“The Exorcist”

William Friedkin’s 1973 “The Exorcist” might be one of the most frightening films ever made. When the young daughter of a movie star goes from acting strange to demonic, it becomes apparent that she has been possessed. “The Exorcist” is not just a horror film about an exorcism but a compelling story about faith and its place in a modern world where it seems like everything has a rational explanation. The first time you see “The Exorcist,” it might shock you to your core. And, like any good horror film, the methodical build up to the actual scares make them that much more frightening. “The Exorcist” is not just a terrific film for its genre, but it might just be one of the greatest horror films ever made, especially having been nominated for the Academy Award for Best Picture.

“The Fog”

John Carpenter, director of “Halloween,” followed up his slasher classic with another horror movie  — but one that had a more supernatural tinge to it. “The Fog” is a perfect watch for Halloween, as the film naturally gives off spooky vibes. A small seaside town in the northern Bay Area has their centennial celebration interrupted by the ghostly revenge of shipwrecked men who were intentionally cast to a watery grave by the town’s founders 100 years ago. What is so eerie is that the ghosts come into town from the sea in one of those rolling coastal fog banks that everyone in California would recognize. The ’80s aesthetic of “The Fog” is only heightened by the synth-driven John Carpenter score, and this film is a fun watch to get you into the holiday spirit.

“Rosemary’s Baby”

Something that makes the best horror films is psychological terror rather than mere jump scares or cheap use of gore. “Rosemary’s Baby” is the perfect example of a film utilizing this strategy. The film, starring Mia Farrow, centers around the titular character who is pregnant with the antichrist after her husband makes a deal with the Devil in exchange for fame and success. Her slow realization that what she thought was a wonderful blessing is actually a disaster is poignant. Rosemary’s paranoia could be explained away by the hormonal imbalance that her pregnancy has induced … until a chillingly trippy climactic scene. The 1968 film  is gripping because its themes lie with the burgeoning feminist movement, and the film makes a strong argument for bodily autonomy for women.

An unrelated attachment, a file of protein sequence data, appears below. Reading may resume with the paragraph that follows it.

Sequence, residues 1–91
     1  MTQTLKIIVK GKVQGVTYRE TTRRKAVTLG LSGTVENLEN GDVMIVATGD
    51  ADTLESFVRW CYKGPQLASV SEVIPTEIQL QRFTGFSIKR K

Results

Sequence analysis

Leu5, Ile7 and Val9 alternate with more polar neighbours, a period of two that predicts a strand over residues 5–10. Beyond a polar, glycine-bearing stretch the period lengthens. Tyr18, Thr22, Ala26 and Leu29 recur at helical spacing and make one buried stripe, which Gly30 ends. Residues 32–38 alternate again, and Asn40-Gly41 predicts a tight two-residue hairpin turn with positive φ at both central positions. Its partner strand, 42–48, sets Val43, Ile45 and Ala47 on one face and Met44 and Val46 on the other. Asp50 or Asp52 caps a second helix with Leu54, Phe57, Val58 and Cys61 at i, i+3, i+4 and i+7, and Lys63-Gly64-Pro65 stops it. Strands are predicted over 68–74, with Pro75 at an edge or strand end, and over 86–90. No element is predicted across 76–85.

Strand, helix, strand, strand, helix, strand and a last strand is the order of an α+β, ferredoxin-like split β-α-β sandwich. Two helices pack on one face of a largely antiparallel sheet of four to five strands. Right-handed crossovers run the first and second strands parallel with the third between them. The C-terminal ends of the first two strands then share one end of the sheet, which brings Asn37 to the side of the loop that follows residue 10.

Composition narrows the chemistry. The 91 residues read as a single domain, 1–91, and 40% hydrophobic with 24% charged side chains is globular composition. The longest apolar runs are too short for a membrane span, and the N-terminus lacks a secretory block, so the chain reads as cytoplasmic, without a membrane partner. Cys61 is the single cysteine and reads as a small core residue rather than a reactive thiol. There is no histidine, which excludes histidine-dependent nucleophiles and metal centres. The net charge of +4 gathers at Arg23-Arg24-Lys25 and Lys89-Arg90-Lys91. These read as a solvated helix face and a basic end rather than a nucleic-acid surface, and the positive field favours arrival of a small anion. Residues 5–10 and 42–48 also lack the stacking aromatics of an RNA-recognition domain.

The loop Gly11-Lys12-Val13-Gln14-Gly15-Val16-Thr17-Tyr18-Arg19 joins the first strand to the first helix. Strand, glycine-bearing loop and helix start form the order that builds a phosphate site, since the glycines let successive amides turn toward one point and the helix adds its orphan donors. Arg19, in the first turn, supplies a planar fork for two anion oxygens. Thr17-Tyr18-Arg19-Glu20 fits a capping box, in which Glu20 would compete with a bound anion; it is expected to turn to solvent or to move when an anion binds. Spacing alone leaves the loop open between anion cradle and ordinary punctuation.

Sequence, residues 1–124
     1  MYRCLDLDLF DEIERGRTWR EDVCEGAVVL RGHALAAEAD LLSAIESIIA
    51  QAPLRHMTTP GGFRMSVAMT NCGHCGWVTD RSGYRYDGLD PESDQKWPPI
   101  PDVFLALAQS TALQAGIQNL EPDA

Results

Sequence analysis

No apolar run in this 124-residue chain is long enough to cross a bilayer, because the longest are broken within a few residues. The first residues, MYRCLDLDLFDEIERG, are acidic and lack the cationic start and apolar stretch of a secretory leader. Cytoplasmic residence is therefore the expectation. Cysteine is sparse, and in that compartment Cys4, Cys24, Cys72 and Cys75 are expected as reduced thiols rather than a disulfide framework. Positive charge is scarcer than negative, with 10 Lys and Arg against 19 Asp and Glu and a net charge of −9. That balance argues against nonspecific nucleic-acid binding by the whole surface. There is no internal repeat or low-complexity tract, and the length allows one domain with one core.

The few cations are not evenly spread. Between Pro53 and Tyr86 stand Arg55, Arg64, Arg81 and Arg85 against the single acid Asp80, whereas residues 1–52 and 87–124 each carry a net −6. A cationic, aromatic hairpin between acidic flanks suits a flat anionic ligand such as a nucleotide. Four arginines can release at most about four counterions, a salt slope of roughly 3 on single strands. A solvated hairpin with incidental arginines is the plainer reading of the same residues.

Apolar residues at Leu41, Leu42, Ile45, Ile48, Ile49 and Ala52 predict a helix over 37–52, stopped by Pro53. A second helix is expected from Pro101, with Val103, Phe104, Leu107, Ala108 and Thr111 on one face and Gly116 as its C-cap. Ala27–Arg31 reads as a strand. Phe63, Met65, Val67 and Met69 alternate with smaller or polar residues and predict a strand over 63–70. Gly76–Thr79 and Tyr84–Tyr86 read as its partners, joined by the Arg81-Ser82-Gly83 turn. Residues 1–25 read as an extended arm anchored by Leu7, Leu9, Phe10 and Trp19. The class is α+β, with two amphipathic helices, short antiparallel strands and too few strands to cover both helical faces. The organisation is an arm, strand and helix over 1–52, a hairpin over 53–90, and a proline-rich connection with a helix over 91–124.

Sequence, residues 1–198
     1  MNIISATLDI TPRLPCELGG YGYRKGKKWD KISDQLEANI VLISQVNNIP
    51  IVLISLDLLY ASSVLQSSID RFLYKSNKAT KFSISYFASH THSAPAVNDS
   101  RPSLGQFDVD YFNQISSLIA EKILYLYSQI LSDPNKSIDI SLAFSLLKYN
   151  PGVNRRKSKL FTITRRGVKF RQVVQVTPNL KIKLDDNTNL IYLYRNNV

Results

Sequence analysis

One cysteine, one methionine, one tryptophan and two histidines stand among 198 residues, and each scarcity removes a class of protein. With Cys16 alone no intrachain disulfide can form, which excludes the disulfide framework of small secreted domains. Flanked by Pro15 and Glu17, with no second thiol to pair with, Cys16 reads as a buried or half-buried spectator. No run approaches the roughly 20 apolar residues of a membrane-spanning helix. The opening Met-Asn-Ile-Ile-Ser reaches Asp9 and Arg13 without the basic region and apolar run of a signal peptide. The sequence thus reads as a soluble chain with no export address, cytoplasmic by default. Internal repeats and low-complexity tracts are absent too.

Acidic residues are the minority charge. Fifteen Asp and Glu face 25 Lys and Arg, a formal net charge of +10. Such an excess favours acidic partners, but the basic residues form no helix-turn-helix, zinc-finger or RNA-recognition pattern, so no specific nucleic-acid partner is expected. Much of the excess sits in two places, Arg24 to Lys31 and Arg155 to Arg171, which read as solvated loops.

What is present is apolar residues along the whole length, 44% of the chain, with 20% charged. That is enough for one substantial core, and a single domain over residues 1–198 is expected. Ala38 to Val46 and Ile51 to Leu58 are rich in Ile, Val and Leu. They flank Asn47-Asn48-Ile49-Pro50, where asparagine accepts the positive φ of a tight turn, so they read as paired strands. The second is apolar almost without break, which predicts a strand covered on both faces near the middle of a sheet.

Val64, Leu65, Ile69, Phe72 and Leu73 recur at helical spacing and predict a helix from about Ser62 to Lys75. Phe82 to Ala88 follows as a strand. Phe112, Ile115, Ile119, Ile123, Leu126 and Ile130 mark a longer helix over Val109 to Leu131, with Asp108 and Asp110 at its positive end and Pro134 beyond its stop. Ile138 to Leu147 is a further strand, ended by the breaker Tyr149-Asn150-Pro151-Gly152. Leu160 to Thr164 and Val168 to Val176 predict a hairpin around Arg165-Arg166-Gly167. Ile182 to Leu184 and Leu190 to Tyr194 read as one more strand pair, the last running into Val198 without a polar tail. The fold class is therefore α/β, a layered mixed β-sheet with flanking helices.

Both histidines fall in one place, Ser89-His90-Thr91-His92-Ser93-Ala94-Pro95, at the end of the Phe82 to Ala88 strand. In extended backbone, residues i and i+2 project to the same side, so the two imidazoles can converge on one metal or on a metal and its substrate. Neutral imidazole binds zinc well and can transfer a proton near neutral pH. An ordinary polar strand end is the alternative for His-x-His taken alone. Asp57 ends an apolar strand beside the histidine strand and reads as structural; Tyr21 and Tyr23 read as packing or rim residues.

“Final Destination”

The new millennium of horror began with “Final Destination,” an intriguing movie about a group of teenagers that narrowly cheat death, only to have Death come after each one of them to claim the souls he thought were stolen from him. “Final Destination” has a riveting premise, and it has this supernatural element that makes the audience feel it will be impossible for the characters to literally escape fate. “Final Destination” does not have the critical acclaim that the other films on this list have, but it is a delightfully cheesy movie that is nevertheless a fun 90 minutes.

“The Shining”

Everybody knows “The Shining,” even if they have not seen it. Who doesn’t know Jack Nicholson’s famously psychotic “Here’s Johnny,” delivered through a door he’s nearly broken down with an axe. “The Shining” is based on the novel by Stephen King, but director Stanley Kubrick takes the film in a much more sinister, stylized direction — sparking conspiracy theories about what the film is really all about … even though it was not his idea to begin with. The Torrance family thinks that the seasonal job of taking care of a ski resort in Colorado will be serene, only to have the menacing spirit of the hotel itself exploit each of their deepest fears. If you have not seen it already, “The Shining” is a memorable movie experience that will make you feel like you are losing your mind as you sit through this rollercoaster of a film.